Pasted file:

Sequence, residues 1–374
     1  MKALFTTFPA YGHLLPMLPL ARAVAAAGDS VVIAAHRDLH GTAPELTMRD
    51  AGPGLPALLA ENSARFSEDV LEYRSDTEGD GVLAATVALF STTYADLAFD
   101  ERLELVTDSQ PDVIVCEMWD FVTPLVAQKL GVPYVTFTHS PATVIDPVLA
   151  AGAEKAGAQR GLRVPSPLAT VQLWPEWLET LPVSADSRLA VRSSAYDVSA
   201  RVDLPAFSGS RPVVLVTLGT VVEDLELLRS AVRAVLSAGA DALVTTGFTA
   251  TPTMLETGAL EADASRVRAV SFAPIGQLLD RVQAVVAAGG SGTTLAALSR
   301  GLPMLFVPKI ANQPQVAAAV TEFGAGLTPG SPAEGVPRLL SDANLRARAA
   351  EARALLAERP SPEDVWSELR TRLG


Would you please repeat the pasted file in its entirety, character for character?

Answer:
Sequence, residues 1–374
     1  MKALFTTFPA YGHLLPMLPL ARAVAAAGDS VVIAAHRDLH GTAPELTMRD
    51  AGPGLPALLA ENSARFSEDV LEYRSDTEGD GVLAATVALF STTYADLAFD
   101  ERLELVTDSQ PDVIVCEMWD FVTPLVAQKL GVPYVTFTHS PATVIDPVLA
   151  AGAEKAGAQR GLRVPSPLAT VQLWPEWLET LPVSADSRLA VRSSAYDVSA
   201  RVDLPAFSGS RPVVLVTLGT VVEDLELLRS AVRAVLSAGA DALVTTGFTA
   251  TPTMLETGAL EADASRVRAV SFAPIGQLLD RVQAVVAAGG SGTTLAALSR
   301  GLPMLFVPKI ANQPQVAAAV TEFGAGLTPG SPAEGVPRLL SDANLRARAA
   351  EARALLAERP SPEDVWSELR TRLG